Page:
What You Need to Know About Fixed Rate Cash ISAs
A fixed rate cash ISA is a tax-free savings account where you are paid a set rate of interest for locking your money away over a fixed period.
Interest rates remain frustratingly low, however, there are still some decent cash ISAs available and it’s always better to earn some interest on your money rather than none whatsoever.
By choosing a fixed rate ISA, you are likely to get a higher rate of interest than you would with an easy access ISA. This is because you’re required to lock your money away for a fixed period, typically between one and five years, whereas with an easy access account you can access your money whenever you need to.
Here we explain what you need to know about fixed rate ISAs.
What is a fixed rate ISA?
A fixed rate cash ISA is an ISA where you are given a set rate of interest that is guaranteed for a certain period of time.
You deposit your savings when you open the account and then at the end of the term you can withdraw the money or switch it into a new fixed rate ISA. If you take the money out before this point, you will usually face a penalty of loss of interest.
As with all ISAs, you won’t pay any tax on the interest you earn and you can put away up to £20,000 in the current tax year, which will end on 5 April. At this point, everyone (aged 16 and over) is given a brand new ISA allowance.
» MORE: About ISAs
How a fixed rate cash ISA works
When you open a fixed rate cash ISA account, you can deposit your savings (up to a maximum limit) and you’ll then earn interest, either monthly or annually, on your money until the end of the term.
You can choose the length of the fixed rate ISA from one to five years. Usually, the longer you can put your money away for, the higher the interest rate – however right now there’s not a huge amount of difference.
How to open a fixed rate ISA
You can open a fixed rate ISA at a branch, online, by post, or sometimes over the phone. Each provider will have its own rules about how to open an account. Some will only be available online while others may only be available on a postal basis.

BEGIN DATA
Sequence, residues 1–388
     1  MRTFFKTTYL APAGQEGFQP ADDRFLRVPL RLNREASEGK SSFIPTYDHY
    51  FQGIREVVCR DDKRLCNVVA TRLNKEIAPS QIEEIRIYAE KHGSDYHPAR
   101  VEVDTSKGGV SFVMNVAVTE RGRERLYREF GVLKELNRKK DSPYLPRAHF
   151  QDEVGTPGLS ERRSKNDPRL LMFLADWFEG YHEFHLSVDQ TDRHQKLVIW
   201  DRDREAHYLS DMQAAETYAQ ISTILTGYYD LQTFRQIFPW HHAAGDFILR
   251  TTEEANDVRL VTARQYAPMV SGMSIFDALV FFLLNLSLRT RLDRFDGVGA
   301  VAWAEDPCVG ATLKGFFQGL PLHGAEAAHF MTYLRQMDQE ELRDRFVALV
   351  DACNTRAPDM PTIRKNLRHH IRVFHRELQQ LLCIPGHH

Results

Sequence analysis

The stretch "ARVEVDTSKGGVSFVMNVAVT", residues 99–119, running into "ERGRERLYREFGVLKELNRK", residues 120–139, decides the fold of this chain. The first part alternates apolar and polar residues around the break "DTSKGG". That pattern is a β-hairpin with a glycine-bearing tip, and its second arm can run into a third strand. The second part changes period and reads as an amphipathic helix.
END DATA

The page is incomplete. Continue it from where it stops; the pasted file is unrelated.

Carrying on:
How to choose a fixed rate ISA
There are quite a few ISAs to choose from so before you sign on the dotted line it’s important to make sure the account you’ve picked is right for you. To help you decide here are some of the main pros and cons of a fixed rate ISA.
Pros of a fixed rate ISA
- You’ll know exactly how much interest you’ll earn on your savings.
- By locking your money away you may be able to earn a higher rate of interest.
Cons of a fixed rate ISA
- If you do need to access your money early you may face a penalty.
- If interest rates rise, and you’re locked into a fixed rate ISA, you won’t be able to benefit.
What’s the difference between a fixed rate ISA and a fixed rate savings bond?
The main difference is that ISAs are tax-free, so you won’t be charged any tax on your savings held within an ISA. Although savings bonds are taxed, everyone has a personal savings allowance (PSA). This means basic rate taxpayers can earn up to £1,000 a year and higher rate taxpayers can earn up to £500 in interest a year before they start paying tax.
Can I add money to a fixed rate ISA?
There is often a minimum amount you will need to open an account, which is typically between £500 and £1,000. Some fixed rate ISAs allow you to add extra money to an account when you open it for a limited period, for example, up to 30 days.
This money is then locked away until the end of the term of the account and you can’t usually add any extra money into it. You also can’t transfer the ISA into a new account until the end of the term. If you do close the account early, or transfer the money within it to a new account, you’ll face a penalty. This is usually a loss of interest which can wipe out any gains you’ve built up so far.
» MORE: How to transfer your Cash ISA
How is my money protected?
All UK cash ISAs provided by banks, building societies, and credit unions are protected by the Financial Services Compensation Scheme (FSCS). This protects up to £85,000 per person, per banking group, if an institution goes bust.
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Rebecca Goodman is a freelance journalist who has spent the past 10 years working across personal finance publications. Regularly writing for The Guardian, The Sun, The Telegraph, and The Independent. Read more